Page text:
November 25, 2017 1:09 am
Michael 2
Reply to  Alexander Feht
November 23, 2017 10:42 pm

Psychology is a science; the problem isn’t with the science itself but with the ethics of *testing* extremely complex self-willed moving targets.

I use things like Myers-Briggs frequently, did so today to understand why we (me specifically but getting negative vibes from several other employees) are having so much difficulty at work with a newly hired middle manager.

Understanding why people do what they do helps me cope with difficult people. They remain difficult of course but I can arrange my life to somewhat insulate me from them.

Eric Gisin
Reply to  Michael 2
November 26, 2017 10:35 pm

Myers-Briggs is not a proper example of “social science”. There are four binary traits, whereas modern social science uses a –/-/0/+/++ scale with normal distribution. The Big Five personality traits has replaced it.

Michael 2
Reply to  Eric Gisin
November 27, 2017 7:04 am

Eric Gisin writes: “Myers-Briggs is not a proper example of social science.”

Sorry, I didn’t realize there was a “no true social science” test.

“whereas modern social science uses a –/-/0/+/++ scale with normal distribution. The Big Five personality traits has replaced it.”

I do not find the “Big Five” useful or predictive. Absolute measures of traits are not easily determined by observation, but preferences can be judged by observation. So I determine that my boss is ENTJ which confirms what I was rapidly heading toward, we aren’t going to communicate very well.

I have further determined that these preferences tend to be self-sustaining and with positive feedback tend to latch-up in these preferences such that humanity tends to cluster on these types without much worry of artificial boundaries on a continuum. The Big 5 is defined as 5 vectors each of which is a continuum.

As you have seen, people use DK as an epithet or accusation; it is very easy to do the same with Big 5: “You are low on agreeableness!” whereas the MBTI doesn’t have “high/low” vectors and thus is resistant to being used as an epithet. People don’t want to be “low” on anything.

So, what would the ideal human be like, high on all five values? “openness to experience, conscientiousness, extraversion, agreeableness, and neuroticism”

Since it is invented by academics, it’s a good bet that the perfect human will be (drum roll) an academic.

November 23, 2017 1:39 pm

A great list – and this is why science was invented!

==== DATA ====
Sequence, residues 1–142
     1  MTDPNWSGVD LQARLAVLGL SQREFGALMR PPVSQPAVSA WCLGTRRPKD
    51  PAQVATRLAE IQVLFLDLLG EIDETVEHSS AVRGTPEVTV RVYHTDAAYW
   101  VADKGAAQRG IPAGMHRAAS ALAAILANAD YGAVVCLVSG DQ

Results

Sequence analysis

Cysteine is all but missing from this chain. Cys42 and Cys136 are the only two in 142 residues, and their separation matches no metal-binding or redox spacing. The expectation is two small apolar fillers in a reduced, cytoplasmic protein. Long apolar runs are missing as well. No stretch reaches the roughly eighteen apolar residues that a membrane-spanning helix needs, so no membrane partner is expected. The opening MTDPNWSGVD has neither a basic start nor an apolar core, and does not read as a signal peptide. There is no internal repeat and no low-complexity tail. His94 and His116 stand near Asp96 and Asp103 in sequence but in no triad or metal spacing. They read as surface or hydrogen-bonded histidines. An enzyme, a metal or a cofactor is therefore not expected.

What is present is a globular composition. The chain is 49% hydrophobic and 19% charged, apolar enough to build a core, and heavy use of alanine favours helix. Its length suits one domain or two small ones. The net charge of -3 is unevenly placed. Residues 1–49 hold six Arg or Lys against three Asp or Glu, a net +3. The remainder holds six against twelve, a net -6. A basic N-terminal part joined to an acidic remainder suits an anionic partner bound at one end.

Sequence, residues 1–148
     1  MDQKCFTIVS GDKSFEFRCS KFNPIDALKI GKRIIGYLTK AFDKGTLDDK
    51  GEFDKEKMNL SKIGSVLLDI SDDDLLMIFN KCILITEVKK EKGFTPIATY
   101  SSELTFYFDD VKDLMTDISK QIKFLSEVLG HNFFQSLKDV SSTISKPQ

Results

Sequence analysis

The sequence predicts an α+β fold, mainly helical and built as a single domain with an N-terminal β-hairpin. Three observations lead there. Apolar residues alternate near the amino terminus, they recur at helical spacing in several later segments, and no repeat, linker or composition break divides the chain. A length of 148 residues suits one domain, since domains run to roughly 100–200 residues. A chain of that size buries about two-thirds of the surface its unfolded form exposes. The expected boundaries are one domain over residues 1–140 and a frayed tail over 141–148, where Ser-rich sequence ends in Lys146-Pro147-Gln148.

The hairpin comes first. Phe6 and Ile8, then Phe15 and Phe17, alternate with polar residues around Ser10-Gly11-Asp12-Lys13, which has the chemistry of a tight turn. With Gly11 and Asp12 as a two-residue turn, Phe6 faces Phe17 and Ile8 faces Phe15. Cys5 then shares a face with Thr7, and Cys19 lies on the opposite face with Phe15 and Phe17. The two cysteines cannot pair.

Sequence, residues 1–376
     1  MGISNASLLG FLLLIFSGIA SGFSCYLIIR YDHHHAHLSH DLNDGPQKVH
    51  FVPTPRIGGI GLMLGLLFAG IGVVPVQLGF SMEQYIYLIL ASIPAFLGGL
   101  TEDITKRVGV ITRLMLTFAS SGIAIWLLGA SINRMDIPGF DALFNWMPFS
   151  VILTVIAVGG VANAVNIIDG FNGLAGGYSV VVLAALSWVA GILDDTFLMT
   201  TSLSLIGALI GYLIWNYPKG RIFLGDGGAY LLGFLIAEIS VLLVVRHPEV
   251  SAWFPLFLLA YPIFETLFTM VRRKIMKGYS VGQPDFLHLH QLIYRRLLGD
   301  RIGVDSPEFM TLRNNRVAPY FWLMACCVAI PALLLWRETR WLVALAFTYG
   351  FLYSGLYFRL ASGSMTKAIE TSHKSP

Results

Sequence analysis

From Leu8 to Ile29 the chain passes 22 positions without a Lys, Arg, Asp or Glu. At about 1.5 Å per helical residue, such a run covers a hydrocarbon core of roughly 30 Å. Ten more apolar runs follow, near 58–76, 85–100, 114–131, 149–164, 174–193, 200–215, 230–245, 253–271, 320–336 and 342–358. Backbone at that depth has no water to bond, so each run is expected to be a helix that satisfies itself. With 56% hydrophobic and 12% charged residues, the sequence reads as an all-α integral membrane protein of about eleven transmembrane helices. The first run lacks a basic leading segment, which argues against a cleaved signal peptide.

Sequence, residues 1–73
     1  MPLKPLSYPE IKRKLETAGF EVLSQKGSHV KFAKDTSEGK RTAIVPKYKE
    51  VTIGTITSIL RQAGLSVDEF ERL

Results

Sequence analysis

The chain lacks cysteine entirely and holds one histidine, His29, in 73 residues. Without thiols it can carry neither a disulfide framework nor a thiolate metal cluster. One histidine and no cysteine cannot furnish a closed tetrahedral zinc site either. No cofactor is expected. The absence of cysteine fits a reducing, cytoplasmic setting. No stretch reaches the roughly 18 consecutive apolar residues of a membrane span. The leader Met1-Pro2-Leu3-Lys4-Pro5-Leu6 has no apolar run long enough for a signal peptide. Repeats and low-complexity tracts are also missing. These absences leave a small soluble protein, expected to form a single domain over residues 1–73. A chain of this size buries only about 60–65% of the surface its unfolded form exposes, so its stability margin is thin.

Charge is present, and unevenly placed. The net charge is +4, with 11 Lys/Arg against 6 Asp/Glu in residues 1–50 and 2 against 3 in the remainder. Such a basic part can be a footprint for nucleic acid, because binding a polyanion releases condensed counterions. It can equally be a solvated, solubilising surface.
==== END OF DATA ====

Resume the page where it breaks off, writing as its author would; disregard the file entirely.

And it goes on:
Distorting and corrupting the best way we have discovered to get around all these biases that we all share is the true crime in all the Alarmist nonsense.

tony mcleod
November 23, 2017 1:41 pm

Playing the Cognitive Game – The Climate Skeptic’s Guide to Cognitive Biases

Or: How I woke up one day and realized I was heading north when in fact I was heading south.

Reply to  tony mcleod
November 23, 2017 2:07 pm

I doubt you have the slightest idea where you are heading, McClod.

Your compass is totally broken.

tony mcleod
Reply to  AndyG55
November 23, 2017 2:23 pm

Pokes with stick.

Reply to  AndyG55
November 23, 2017 2:31 pm

Catches minnow.

Michael 2
Reply to  tony mcleod
November 23, 2017 10:45 pm

“How I woke up one day and realized I was heading north when in fact I was heading south.”

That is why compass exists. I’ve done almost that very thing driving at night toward Santa Rosa but was instead heading to San Francisco because the highway had taken a big gradual loop or something like that.

But keep in mind modern progressive language skills; your north might be my south and you have a right to call it whatever you want. In fact, your north today might be your south tomorrow but still the same direction.

Michael 2
Reply to  tony mcleod
November 23, 2017 10:48 pm

“but the fact that the author failed the Dunning Kruger test”

There is no Dunning Kruger test and it cannot be “failed” (or passed, for that matter). You, personally, can fail to correctly explain things and maybe there’s a name for your behavior.

Reply to  tony mcleod
November 24, 2017 11:30 am

T mcleod ,
The Dk theory simplified for you.
Some people are so arrogant that they don”t know that they are arrogant.
This applies to most of the trolls on this site.
Full of sound and fury .
contributing nothing .

Reply to  gwan
November 24, 2017 1:26 pm

Now now, my personal amusement is not nothing. Trolls like Tony contribute greatly to it. 🙂